Police officers should switch on body-worn cameras whenever they think they might need to stop and search someone, in order to help rebuild trust in the community, the government’s Commission on Race and Ethnic Disparities has told the prime minister in a landmark report.
The commission, headed by educationalist Dr Tony Sewell, devoted a large section of its 258-page report to crime and policing. Among the disparities identified was that, in almost every police force area, black people had the highest recorded rate of being stopped and searched by the police.
The commission recommends a strong presumption that in all police services, body-worn video cameras are switched on when an officer believes an encounter will lead to a stop and search, or as soon as it is practicable to do so. If a camera is not switched on, the officer should explain in writing why, and the explanation must be available for the person who was stopped. The footage would also be reviewed by a supervising officer to confirm that the explanation is reasonable.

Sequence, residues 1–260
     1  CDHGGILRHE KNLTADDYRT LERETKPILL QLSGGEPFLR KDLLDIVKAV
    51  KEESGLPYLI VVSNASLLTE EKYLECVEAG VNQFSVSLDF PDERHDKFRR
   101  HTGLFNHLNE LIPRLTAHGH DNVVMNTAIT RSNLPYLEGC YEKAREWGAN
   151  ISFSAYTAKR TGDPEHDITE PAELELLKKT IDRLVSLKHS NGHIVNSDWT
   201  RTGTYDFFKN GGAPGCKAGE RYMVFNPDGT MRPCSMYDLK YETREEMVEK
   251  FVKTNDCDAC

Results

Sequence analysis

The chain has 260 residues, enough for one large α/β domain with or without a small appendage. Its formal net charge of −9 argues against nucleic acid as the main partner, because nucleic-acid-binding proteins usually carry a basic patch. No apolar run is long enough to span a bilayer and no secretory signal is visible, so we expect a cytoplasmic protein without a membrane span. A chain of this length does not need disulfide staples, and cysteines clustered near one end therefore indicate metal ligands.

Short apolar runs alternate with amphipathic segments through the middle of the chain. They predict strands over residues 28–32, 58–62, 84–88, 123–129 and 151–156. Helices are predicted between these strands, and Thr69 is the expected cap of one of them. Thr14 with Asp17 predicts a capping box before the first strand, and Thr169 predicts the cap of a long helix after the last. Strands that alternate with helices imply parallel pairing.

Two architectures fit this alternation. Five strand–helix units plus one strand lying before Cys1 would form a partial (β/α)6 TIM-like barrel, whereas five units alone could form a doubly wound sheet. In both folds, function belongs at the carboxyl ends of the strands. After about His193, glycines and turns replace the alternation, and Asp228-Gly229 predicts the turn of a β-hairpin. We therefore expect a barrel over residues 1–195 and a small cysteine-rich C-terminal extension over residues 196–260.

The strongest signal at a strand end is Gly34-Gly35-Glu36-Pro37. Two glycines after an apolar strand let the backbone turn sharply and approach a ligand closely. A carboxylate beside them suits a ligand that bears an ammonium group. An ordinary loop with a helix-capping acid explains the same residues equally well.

Building on a proposal in the 2017 Lammy review of race and the justice system, the Sewell commission called for efforts to divert drug offences away from the courts. It calls on the National Police Chiefs’ Council and Ministry of Justice to develop an evidence-based pilot of diverting low-level class B drug offenders into public health services. Information about those referred would not be disclosed to potential employers or education providers.